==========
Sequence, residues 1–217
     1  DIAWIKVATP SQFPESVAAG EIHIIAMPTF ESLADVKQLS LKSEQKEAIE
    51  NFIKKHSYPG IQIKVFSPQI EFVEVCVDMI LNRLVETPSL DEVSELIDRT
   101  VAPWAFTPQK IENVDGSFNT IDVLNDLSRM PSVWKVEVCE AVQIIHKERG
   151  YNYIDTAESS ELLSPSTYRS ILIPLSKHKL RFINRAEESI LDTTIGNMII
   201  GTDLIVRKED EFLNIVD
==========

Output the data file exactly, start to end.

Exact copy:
Sequence, residues 1–217
     1  DIAWIKVATP SQFPESVAAG EIHIIAMPTF ESLADVKQLS LKSEQKEAIE
    51  NFIKKHSYPG IQIKVFSPQI EFVEVCVDMI LNRLVETPSL DEVSELIDRT
   101  VAPWAFTPQK IENVDGSFNT IDVLNDLSRM PSVWKVEVCE AVQIIHKERG
   151  YNYIDTAESS ELLSPSTYRS ILIPLSKHKL RFINRAEESI LDTTIGNMII
   201  GTDLIVRKED EFLNIVD